The Structure of Story is about just that: structure. Often structure isn't taught because people assume it's a natural byproduct of writing.
Like if you write a story, you'll intuitively know how long to make your scenes, where to place chapter breaks, and how to maximize the effects of dramatic or comedic action.
But that simply isn't true.
Yes, literature (of all genres) is an art form. But like other art forms, it springs from a definite, working knowledge of craft.
By learning the mechanics of story structure, you will be able to identify the key elements of your story, shape them to increase your story's desired effect on your readers, and turn craft concepts into tools you have at your disposal whenever you sit down to write.
After all, it is by using the tools of one's craft that one masters them, turning conscious effort into unconscious working knowledge.
I've worked with hundreds of writers as a teacher, editor, and writing coach. I've seen time and again that certain fundamentals of writing simply are not common knowledge. They're the sort of things many teachers take for granted, assuming everyone in class knows them. And they're the sort of things that are critical to shaping a narrative, but aren't necessarily simple to grasp.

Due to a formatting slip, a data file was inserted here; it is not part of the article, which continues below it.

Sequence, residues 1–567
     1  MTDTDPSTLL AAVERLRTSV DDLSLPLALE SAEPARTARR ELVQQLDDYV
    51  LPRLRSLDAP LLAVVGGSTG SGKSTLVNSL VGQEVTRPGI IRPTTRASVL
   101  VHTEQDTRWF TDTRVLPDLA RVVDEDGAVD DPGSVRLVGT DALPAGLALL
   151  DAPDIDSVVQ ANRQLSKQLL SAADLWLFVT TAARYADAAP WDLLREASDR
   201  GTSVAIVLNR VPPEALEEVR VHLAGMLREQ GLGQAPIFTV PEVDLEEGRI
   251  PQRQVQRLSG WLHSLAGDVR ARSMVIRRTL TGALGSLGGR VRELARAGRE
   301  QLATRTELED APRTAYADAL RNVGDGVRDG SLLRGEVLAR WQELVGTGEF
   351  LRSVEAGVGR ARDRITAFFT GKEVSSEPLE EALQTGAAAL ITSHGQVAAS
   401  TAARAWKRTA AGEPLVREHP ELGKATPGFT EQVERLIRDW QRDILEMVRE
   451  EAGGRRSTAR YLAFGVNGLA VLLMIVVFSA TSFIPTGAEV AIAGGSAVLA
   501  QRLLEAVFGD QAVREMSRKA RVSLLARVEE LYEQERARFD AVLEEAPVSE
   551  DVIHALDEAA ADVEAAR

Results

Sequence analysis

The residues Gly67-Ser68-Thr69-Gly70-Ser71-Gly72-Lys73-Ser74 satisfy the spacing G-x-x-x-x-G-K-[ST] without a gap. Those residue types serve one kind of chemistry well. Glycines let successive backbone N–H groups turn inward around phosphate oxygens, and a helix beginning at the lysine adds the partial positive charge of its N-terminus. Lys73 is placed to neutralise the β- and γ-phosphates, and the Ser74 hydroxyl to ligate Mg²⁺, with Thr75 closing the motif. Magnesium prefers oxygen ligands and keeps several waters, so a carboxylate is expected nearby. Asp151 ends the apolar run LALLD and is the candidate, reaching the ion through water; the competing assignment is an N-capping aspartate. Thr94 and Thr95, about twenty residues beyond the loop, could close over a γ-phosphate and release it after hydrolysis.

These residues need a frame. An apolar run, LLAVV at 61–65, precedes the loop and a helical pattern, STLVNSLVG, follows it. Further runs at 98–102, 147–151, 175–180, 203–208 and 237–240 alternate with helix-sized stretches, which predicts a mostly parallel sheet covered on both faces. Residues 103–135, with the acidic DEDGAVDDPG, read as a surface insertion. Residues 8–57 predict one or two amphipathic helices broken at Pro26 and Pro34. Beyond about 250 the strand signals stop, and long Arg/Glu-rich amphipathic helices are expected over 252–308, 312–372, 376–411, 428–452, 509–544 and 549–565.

Now you don't have to worry about asking one of those "dumb" questions or whether or not you know what you don't know.
In this course, we're going to cover the Structure of Story from the three acts to the climax to the reveal. There are plenty of writing exercises to help you get a firm grasp on the tools of your trade - or art form - and to help you apply what you're learning to your current work-in-progress. We'll examine the key components of each act, hooks, and the point of no return 1 and 2, and lots more!
Scroll down to preview Module 3.2: Chapters
Alida has been writing her entire life and teaching for over a decade, from high school to graduate level courses, and lots of writing workshops in between. She is the author of the Story Works Guide to Writing Fiction Series, A Stone's Throw, The Skoghall Mystery Series, and numerous short stories. When she's not writing or teaching, you can spot her around Minneapolis on her bike, in her kayak, or being walked by her golden retriever.